Her story was shocking to me. My friend held multiple leadership positions in various clubs and organizations at school, and she’s the sweetest, most well-meaning person I’ve ever met. How could anyone frame her in a sexual light in a school environment? What had she done to invite any advances?
There was no way that those boys thought they were engaging in meaningful conversation with my friend or giving her actual compliments. Why do people think it’s okay to ignore consent?
“The American sex education system is lacking, at best,” another friend of mine, a fellow editor of the literary magazine, told me. “Consent is not taught in any capacity in most public schools, and if it is discussed at all, it’s lumped in with suicide and bullying in the student crisis section of the curriculum.” “If we are taught about consent, we are taught in the most basic of terms. ‘If she says yes, go for it. If she says no, don’t.’ Consent isn’t explained in terms of mutual enthusiasm, or desire, or enjoyment.”
I’m inclined to agree with her. Our system is broken. On multiple occasions this friend and I have discussed the effects of rape culture and our society’s indifference to women’s issues. We’ve expressed our concerns over the possibility of being assaulted while at college and becoming just another statistic in America’s ever-increasing problem with sexual assault on college campuses.
We swap articles on the subject, but we never learn about the intricacies of consent and healthy, safe sex in a classroom setting. I get most of my information from the internet, which is vast and often misleading, and I only receive that information because I seek it out. We are all at risk of sexual harassment, assault, and abuse, and we can’t protect ourselves from assault simply by dressing conservatively or practicing abstinence.
What we can do is educate ourselves. We need to openly discuss sexual health and conduct. We need to have comprehensive sex ed in schools and more accessible counseling for survivors of assault.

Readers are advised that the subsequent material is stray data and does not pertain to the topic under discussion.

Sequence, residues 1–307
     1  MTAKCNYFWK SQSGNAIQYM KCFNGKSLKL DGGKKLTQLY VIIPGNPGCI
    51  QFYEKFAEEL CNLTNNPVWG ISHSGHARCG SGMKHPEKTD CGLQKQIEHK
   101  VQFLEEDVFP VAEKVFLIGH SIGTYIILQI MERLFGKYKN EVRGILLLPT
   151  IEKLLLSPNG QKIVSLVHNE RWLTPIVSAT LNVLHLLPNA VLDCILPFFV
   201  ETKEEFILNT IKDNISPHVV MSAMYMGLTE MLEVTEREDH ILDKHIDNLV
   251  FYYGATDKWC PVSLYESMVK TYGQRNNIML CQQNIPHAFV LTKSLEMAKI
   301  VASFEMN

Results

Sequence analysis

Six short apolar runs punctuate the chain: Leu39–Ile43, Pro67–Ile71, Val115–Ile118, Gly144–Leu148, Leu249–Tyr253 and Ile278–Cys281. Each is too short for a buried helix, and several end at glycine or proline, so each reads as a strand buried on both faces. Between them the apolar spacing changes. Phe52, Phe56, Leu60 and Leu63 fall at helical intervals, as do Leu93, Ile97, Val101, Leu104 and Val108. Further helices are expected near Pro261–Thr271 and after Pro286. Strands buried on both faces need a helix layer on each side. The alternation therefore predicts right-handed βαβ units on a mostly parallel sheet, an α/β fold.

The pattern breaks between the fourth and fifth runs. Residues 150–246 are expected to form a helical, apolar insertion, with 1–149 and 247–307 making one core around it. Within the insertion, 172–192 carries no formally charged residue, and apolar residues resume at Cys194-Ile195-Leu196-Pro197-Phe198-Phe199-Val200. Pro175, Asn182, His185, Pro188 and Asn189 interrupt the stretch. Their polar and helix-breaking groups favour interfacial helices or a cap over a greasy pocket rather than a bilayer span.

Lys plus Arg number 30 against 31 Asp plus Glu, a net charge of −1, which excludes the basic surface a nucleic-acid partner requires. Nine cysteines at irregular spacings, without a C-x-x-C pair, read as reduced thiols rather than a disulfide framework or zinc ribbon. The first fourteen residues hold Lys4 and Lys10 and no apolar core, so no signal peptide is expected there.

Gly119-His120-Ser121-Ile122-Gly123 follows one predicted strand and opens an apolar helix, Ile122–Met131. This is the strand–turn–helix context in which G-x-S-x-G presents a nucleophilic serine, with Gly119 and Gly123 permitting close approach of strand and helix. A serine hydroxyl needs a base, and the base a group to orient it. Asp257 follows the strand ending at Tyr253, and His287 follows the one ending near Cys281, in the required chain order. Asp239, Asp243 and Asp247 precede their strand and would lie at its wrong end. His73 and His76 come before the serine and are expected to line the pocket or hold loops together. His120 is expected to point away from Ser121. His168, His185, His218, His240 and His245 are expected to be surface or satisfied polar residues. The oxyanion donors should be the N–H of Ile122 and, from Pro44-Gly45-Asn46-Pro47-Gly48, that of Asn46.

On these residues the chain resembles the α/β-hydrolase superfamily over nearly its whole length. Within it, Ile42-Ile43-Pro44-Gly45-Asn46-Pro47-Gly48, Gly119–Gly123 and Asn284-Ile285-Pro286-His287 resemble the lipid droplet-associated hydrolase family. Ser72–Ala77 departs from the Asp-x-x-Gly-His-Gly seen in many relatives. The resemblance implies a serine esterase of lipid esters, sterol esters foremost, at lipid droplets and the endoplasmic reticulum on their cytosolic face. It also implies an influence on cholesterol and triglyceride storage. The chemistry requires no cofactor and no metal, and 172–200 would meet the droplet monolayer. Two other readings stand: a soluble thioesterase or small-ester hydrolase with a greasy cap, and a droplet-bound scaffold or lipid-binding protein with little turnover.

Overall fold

I invite anyone reading this to start a conversation with friends or family. It’s really difficult to start talking about personal experiences with sexual harassment, assault, or abuse, but it is important to let our loved ones know that it’s okay to be open about their experiences. Survivors of assault often suffer in silence because they feel powerless. Some even feel that they brought the assault upon themselves.
Removing the stigma and shame of sexual assault can happen by engaging in a safe, free dialogue like I did with my friends. It may seem like a small thing, but starting that conversation is a step in the right direction to creating a safer, more just, and more understanding society for us all.
The Jewish Women’s Archive’s Rising Voices Fellowship was honored as Teen Voices’ ’21 Leader for the 21st Century’ in 2019. It is a 10-month program for female-identified teens in high-school who have a passion for writing, a demonstrated concern for current and historic events, and a strong interest in Judaism, gender and social justice. The Jewish Women’s Archive is a national non-profit devoted to documenting Jewish women’s stories, elevating their voices, and inspiring them to be agents of change. Founded in 1995, JWA is the world’s largest source of material about and voices of Jewish women.